The shapeshifting giant Tezcahtlip is free in the modern world, eating the hearts of victims to steal their form, their memories and their power.
After losing his brother in a battle with the American military, the giant flees to Mexico, taking up residence in the Yucatan where he poses as the Mayan god Kukulcan in an effort to gather followers and sacrifices.
The men and women of Detachment 1039 will need help from an unlikely source before they head south to combat the monster. But can a vampire imprisoned at Alcatraz really be a help, or a hindrance?
This was it, the one where I hit my stride and figured out how I wanted the series to go. And it was the first appearance of what has become my favorite character--Laura Olson, the saucy vampire who I fear my subconscious based on Alex Kingston's amazing portrayal on the BBC's River Song.
Interestingly, back when I first wrote Mythical as a screenplay, I had wanted to do a story about Super Vampires vs Super Soldiers. I switched to Super shapeshifters instead, feeling there was too much sparkling undead magic on the market. But by November 2012, I was unleashing my own version of the undead, and going for a very Heroes-like villain: A heart-eating shapeshifter intent on becoming godlike by stealing the powers of as many parahumans as possible.
As planning went on, I knew I needed to add some more characters. I had only three stone soldiers at that point: Jimmy, Victor and the resurrected Alpha Stone Soldier, Daniel Smith. Instead of another recruit, I decided to go back to my original idea from the 1980s of an elite team of supersoldiers fighting covert battles around the world. Enter Chadwick Phillips, electrokinetic.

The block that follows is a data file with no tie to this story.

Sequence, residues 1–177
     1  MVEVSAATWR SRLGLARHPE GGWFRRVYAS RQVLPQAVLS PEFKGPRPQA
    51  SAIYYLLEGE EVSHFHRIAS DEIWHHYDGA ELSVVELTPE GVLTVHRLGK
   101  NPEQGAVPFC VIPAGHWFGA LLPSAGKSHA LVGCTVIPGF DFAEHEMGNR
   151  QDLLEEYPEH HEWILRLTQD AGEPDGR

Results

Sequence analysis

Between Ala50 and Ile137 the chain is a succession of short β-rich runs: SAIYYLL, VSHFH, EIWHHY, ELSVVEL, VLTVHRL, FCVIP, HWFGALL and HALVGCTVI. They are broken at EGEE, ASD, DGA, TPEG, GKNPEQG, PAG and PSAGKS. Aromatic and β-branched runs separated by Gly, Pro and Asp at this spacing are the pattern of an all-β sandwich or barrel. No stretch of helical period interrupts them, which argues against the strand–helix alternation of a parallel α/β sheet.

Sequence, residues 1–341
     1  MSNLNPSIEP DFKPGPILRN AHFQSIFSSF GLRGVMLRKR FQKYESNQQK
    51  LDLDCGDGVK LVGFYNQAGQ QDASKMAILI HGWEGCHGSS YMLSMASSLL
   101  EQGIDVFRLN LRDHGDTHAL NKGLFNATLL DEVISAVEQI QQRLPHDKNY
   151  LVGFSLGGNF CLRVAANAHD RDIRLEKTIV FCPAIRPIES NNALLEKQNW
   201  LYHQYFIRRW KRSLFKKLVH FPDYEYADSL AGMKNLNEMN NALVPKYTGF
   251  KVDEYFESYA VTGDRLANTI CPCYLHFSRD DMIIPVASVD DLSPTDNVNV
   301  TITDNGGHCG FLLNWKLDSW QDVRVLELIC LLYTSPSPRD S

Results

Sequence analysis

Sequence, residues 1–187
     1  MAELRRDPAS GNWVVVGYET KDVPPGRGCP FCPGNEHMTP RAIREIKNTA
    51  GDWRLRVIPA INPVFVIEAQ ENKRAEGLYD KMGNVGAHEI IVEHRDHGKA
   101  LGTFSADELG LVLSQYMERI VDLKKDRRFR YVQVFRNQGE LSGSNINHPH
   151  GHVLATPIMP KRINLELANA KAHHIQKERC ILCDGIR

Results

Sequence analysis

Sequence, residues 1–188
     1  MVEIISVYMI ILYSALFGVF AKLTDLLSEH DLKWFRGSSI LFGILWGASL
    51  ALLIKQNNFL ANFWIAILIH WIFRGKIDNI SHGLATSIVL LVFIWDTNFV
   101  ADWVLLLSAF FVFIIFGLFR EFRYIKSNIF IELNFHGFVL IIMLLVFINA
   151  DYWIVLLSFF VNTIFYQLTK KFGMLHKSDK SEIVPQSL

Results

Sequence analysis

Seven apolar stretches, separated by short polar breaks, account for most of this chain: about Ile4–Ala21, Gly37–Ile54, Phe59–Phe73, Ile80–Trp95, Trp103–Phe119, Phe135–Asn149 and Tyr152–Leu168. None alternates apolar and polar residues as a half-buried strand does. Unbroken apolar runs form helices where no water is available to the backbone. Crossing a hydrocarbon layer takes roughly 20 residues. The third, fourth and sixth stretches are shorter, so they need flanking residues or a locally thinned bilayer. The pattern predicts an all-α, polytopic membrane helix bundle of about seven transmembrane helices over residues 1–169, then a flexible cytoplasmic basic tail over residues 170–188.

Blood and Stone is all about rebirth. I'm not sure I planned it that way, but it's a recurring theme... Tezcahtlip, surviving the events of Book 2 is reborn into the sum total of he and his dead brother, having consumed the frozen heart of Ketzkahtel. Realizing that America isn't a good place to start his new empire, Tezcahtlip flees south, intent on rebuilding a slave population by posing as the blood god Kukulcan. First though, he needed a pick me up.
Way back in X-Ponent, I had incorporated a super prison for the parahumans of Mark Kenslir's universe. Now that I had made the original Stone Soldier a supernatural being, I decided that would still work, as many a ghost and vampire story claimed that neither could cross running water. An island prison sounded pretty cool.
Enter the alternate reality universe of Mythical, where Alcatraz is a maximum security holding place for those caught practicing the black arts or using their psychic abilities for evil end up. But how do you keep such a population in check? Marvel Comics had neutralizers and mutant cures, but I needed something fresher.
There have to be vampires in the Mythical universe. You can't have supernatural and not have the undead. So a vampire kept under lock and key, providing empathic surveillance on her brethren in exchange for life seemed pretty interesting. Throw in that she keeps the prison population in check by feeding on them... I liked it. Very Gitmo.